Branding the magazine world
LONDON: Fast-forward to April 5. It is just before 10 a.m. on a Saturday morning but there is a party going on - a "queue party," a frenzy of beautiful people waiting to enter Abercrombie & Fitch's London store.
At least that is the plan, devised to launch (read: hype) the American casual wear brand's latest "hero product." Not an "It" bag or trophy sunglasses (both so 2007).
No, the fuss and fanfare will be for the return of A&F Quarterly, the in-house fashion magazine that was dropped in 2003 after protests about its racy - some critics said pornographic - content.
The "magalogue" - a catalogue dressed up as a magazine and usually mailed free or distributed in retail outlets - is having a moment.
In Uniqlo Paper, there is photography by Terry Richardson, modeling by Devon Aoki and an exclusive interview with the actress Chloë Sevigny. H&M Magazine has bagged Corinne Day, the photographer who discovered Kate Moss, and a Sienna Miller interview, while Abercrombie & Fitch has returned to form with the fashion photographer Bruce Weber (so expensive that U.S. Vogue is said to afford him only twice a year) and no "product" shots in the 200-page hardbound publication.
The result is much more magazine than catalogue: Read it and weep, Vogue.
"These brands are working harder than you might expect," says Jeremy Leslie, author of the book "magCulture." "With ambitions beyond just selling product, they're much more sophisticated than a glorified catalogue."
Funding is straight out of the marketing coffers, although many have a - usually disregarded - cover price (to "look like a proper magazine," admits one editor).
For many, including Abercrombie & Fitch, H&M's new sister COS and the British eco-chic brand Howies, the magazine actually is in place of advertising. One insider estimates budgets of £150,000-plus, or $295,000, an issue (though Howies and Acne Paper both say they come in at less than six figures, estimated in pounds), with which they can afford the best contributors and production.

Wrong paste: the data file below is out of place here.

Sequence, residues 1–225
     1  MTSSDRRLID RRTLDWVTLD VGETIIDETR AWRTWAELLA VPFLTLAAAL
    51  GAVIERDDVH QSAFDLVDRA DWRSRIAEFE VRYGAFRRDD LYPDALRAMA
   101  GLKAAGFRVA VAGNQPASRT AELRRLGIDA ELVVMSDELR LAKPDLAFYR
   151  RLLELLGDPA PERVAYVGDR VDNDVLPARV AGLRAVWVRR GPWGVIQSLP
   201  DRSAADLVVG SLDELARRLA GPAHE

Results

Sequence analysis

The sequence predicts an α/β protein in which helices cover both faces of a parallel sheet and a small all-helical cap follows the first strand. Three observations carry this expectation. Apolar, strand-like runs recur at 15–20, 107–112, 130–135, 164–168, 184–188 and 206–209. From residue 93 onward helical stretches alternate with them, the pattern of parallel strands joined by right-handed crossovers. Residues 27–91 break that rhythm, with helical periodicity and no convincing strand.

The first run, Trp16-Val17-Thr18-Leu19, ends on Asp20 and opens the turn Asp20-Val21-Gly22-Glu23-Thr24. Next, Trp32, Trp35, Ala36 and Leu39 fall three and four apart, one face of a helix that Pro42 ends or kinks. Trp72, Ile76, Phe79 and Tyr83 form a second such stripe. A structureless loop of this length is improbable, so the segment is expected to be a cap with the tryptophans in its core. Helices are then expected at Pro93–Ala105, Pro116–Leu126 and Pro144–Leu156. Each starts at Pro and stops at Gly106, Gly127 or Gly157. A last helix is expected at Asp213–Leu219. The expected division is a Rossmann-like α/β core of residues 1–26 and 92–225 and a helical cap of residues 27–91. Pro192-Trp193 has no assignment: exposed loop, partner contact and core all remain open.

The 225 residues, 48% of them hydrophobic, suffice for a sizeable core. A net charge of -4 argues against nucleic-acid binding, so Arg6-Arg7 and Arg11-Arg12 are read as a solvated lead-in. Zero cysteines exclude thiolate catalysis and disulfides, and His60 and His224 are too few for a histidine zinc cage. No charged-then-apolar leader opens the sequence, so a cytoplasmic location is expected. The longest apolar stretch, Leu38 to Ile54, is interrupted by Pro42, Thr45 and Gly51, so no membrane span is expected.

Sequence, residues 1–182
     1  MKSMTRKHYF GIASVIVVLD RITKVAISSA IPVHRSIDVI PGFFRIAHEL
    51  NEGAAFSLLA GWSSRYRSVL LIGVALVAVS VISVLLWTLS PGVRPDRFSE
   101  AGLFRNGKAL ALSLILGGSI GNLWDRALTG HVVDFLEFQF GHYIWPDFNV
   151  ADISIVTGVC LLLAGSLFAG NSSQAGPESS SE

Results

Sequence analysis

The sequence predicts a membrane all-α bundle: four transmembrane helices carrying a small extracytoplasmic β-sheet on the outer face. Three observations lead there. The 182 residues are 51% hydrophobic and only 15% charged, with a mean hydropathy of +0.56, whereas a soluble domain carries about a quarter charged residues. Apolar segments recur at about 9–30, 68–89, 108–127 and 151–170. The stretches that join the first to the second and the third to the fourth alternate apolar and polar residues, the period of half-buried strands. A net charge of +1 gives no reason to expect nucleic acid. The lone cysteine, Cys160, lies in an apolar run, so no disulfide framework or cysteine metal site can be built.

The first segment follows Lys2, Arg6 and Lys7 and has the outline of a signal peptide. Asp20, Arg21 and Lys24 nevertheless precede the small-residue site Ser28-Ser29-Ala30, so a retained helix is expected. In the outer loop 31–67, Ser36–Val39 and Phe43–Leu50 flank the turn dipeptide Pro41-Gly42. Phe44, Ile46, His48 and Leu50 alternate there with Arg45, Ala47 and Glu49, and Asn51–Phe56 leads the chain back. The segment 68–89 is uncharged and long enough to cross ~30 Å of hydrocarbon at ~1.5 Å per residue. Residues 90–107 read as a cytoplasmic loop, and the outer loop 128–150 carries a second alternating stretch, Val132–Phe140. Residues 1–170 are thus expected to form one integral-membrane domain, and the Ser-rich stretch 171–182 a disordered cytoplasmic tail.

"Whatever they cost," says Leslie, "magazines are a cost-effective way of communicating brand values. It's a natural move: all want content about themselves out there. The consumer then takes a great wad of marketing home with them - the magazine brings the brand to life."
A flick through e-tailer Asos.com's deliberately derivative Glamour-esque magazine reveals all the current celebrity and music references (including a Gwen Stefani interview), plus "Get the Look" features and catwalk trends in among Asos merchandise.
"It can't just be about dresses these days," says Matt Setchell, Asos's creative director. "There's only so much you can do on a homepage. We wanted to do something physical that showcases our collections but with a more authoritative, editorial edge to it: a monthly fashion bible. It's how people shop now. It's a lot more powerful than an ad in a magazine."
What of journalistic integrity, though? At Uniqlo, for example, there are boardroom orders to promote key products, and contributors are advised of a ban on anything "political, violent or vulgar"; it also pays its interviewees. However, as Nicola Formichetti, fashion director for both Uniqlo Paper and Dazed & Confused, points out, such restrictions also apply to newsstand glossies: "Magazine editorial is dictated by advertising but there's also less time and less money."
This movement heralds the next step in brand power: editorial autonomy, and there also is the brand-as-lifestyle trend. "A&F Quarterly is all about lifestyle," says Tom Lennox, its vice president of corporate communications. "It's a lifestyle that encapsulates confidence, privilege, intelligence, beautiful people, sex and humor."
Increasingly, fashion journalists who have been working on the best glossies are being headhunted.
Take Uniqlo Paper: "Everyone comes from a magazine background," says the editor, Matt Eberhart, who previously edited Vice magazine in New York (and says he is "glad" to no longer to be on a Vice salary).
With experienced staffs, the publications' creativity is steadily rising. "It's a competitive market, so the more creative the better," says Natalie Massenet, founder of the fashion e-tailer Net-a-porter, which publishes Notes each fashion season.
Notes's focus on what Massenet calls "entertainment" includes quotes from the fashion editors of Vogue, Elle and Harper's Bazaar and fashion designers's inspirations - for example, Rick Owens's reading list and Miuccia Prada's favorite motto. Meanwhile, Acne Paper is including other brands' fashion alongside its own.
"We think it's more interesting when Acne is shown next to other labels," says its editor, Thomas Persson. "Hopefully people perceive us as interesting rather than this pushy brand magazine."